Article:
This is the Lathe Miles Showell Used to Cut "Sgt. Pepper's Lonely Hearts Club Band"

The lathe in the picture, located at Abbey Road Studios, is the one Miles Showell used to cut at 1/2 speed, the Sgt. Pepper's Lonely Hearts Club Band remix. It began life as a Neumann VMS82 DMM that according to Showell had been "...routinely stripped for spares".

Here's what else he told me:

"When I discovered it, it was looking very dirty and was in a sorry state. However, fortunately for me all the broken parts that had been swapped out had been retained. There are probably six people in the world that can be totally trusted with Neumann lathes.

I am in the fortunate position to personally know two of them (Crispin Murray and John Goldstraw who, like me, are both ex-Metropolis employees). Even better is that all of us work well together. Crispin and John were confident that given enough time they could repair all the broken boards so the three of us set about planning a resurrection. The owner of the lathe shell and broken parts was not interested so I made them an offer which amazingly was accepted.

Pictured (L-R): Touraj Moghaddam (Vertere Acoustics), Crispin Murray (Guilde Productions), Showell and John Goldstraw (Hathor Audio). This was taken around an hour before Showell started cutting the first acetate of Sgt. Pepper.....

"The lathe was collected and work progressed. The three of us decided to really go all out to make it the quietest and cleanest sounding lathe in the world. Progress was slow and the work took almost eighteen months. But it was done by February 2017 and Sgt. Pepper.... was the first cut done on it. The install took two days, at 7pm on the second day I started work on ...Pepper... Crispin sat with me until we had played the first acetate and we were confident that all was good. He left at 2:30am and I sat there cutting the masters for the main LP until 6am. It was a very long but extremely rewarding day.

The restoration work includes:

- Convert lathe from DMM to lacquer operation (a considerable job as a lot of things need to be changed).

- Complete rebuild of the power supplies (in both the lathe and cutting amplifiers)

- Replace all capacitors in the lathe control (groove spacing) systems

- Upgrade all capacitors in the audio signal path power amplifiers with long life hi-fi grade types (there are dozens. Change one and you will hear no difference, change them all and it really improves the sound).

- Upgrade many of the transistors in the power amplifiers for newer and better sounding equivalents.

- Remove the patch-bay and tracing simulator from the amplifier rack as these are not necessary and only serve to degrade the audio.

- Upgrade the opamps and rebuild the acceleration limiter (an upgrade largely learned from Chris Muth* with whom Crispin and John share knowledge) thus making the cleanest sounding and fastest reacting de-esser I have ever heard.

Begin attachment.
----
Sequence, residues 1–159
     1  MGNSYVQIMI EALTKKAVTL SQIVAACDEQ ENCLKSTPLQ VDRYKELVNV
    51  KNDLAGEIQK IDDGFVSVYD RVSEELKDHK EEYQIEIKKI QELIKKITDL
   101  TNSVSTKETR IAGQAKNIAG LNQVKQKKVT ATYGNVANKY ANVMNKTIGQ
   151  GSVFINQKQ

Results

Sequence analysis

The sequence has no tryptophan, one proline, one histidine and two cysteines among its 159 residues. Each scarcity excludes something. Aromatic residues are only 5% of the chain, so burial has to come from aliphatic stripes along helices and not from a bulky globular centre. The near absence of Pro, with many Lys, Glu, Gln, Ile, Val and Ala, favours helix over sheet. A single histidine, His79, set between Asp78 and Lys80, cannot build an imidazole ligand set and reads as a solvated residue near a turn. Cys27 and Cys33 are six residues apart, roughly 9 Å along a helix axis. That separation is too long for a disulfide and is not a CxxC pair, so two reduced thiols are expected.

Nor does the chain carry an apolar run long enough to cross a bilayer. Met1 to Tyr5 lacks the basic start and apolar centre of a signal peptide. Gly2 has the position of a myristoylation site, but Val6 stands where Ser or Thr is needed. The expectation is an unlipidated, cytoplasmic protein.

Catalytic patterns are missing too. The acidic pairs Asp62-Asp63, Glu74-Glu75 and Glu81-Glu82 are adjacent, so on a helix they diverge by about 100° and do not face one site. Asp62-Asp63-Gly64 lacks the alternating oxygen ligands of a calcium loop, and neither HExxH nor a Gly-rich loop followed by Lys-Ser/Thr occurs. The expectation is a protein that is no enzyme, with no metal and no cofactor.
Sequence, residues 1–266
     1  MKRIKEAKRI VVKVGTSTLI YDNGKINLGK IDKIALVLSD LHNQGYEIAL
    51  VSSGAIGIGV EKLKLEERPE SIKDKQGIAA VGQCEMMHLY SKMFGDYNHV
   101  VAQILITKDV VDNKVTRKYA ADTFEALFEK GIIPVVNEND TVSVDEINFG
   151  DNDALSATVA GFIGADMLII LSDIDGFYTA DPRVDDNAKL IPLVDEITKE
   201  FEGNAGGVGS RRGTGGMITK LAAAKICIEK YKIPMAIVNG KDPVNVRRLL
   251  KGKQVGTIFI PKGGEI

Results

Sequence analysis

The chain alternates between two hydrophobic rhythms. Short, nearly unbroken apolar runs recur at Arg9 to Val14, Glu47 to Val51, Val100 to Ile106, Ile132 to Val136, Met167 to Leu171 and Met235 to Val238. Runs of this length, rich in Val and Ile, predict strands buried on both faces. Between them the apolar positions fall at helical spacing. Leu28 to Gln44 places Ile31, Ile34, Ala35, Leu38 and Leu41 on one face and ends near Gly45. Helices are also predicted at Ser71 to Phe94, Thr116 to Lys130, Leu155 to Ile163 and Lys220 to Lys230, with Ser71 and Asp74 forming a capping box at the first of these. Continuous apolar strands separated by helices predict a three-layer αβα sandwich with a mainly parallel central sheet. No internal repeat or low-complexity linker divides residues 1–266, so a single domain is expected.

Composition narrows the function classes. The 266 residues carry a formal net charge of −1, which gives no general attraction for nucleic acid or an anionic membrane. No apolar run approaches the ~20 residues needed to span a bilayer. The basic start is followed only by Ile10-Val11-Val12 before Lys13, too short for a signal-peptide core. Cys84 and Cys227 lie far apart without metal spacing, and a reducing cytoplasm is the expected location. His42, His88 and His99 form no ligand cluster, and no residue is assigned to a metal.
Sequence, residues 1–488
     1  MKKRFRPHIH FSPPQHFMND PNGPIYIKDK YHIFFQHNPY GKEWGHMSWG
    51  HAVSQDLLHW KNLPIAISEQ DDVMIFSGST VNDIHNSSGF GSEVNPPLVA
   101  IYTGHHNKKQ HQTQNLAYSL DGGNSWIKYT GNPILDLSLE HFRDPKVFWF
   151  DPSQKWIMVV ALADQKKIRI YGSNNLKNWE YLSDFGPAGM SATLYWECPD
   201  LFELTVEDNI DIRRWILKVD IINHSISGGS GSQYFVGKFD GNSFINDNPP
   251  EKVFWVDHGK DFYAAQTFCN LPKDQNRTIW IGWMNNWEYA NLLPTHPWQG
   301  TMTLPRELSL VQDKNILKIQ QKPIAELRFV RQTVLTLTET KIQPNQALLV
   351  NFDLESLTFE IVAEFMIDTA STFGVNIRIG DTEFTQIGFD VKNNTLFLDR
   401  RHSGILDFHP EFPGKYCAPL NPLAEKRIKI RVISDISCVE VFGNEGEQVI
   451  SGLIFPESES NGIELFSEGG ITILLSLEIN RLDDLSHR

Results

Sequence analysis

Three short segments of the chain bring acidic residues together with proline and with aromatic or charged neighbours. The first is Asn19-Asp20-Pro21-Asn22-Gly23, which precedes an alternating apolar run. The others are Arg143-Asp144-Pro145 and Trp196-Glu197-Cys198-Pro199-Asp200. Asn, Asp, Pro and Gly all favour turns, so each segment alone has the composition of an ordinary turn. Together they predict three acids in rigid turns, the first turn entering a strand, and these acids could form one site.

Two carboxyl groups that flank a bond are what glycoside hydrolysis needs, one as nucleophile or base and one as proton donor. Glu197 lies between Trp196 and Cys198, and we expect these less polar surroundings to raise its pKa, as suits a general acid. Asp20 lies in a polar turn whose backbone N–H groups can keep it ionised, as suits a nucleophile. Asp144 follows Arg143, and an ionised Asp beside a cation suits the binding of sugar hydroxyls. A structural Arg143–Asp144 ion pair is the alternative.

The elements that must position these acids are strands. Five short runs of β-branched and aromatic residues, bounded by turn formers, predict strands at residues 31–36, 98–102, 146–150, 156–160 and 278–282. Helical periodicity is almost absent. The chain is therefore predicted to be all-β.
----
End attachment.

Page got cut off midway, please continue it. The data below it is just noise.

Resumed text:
- Rewire the entire system with the finest audio cables (many of these cables came from Vertere).

We also made some cosmetic changes so it looks a lot prettier. Gone is the awful green Formica console. The leather drop down tool cover had been lost so we had a new one made.

Fortunately, underneath all the dust and diesel soot (the lathe had been dumped in a warehouse for a few years in the 1990s) the mechanical parts and the lathe body were in a good physical condition.

The result of all of this is the best sounding (and best looking) cutting system I have ever worked with, and I have used some fabulous systems in my time. This is not hyperbole. The cleanliness of the high end sounds far more Ortofon than Neumann (which is perfect as I pretty much have the Ortofon sound but with Neumann reliability).

When John and Crispin were finished, they both said they had wanted to upgrade and customise a cutting system as much as mine has been, but that no-one had given them such a free reign. My attitude was simple, yes it is a lot of money, more than I really have to spend, but seeing as they had a jigsaw puzzle anyway, better to hot-rod everything as they went than to save money now only to take the system off air for a month or more to do it in the future.

The three of us could not be more delighted with the finished results. Next time you are in the U.K. do come to Abbey Road and see it."

You can be sure I will!

More about Chris Muth

COMMENTS
alucas's picture

this is my go-to pepper lp. it sounds so beautiful, the harmonies and johns voice, wow!

PeterPani's picture

I am impressed. Also, because Abbey is charging affordable prices for the records. The best sounding outlet (to my ears) at the moment is Electric Recordings Co. They don't go digital anywhere in the chain. And all is tubed. But the prices...!

Martin's picture

The Electric Recording Co. the Exile on Main Street, Disraeli Gears and What's going on tapes to cut to vinyl.

Please.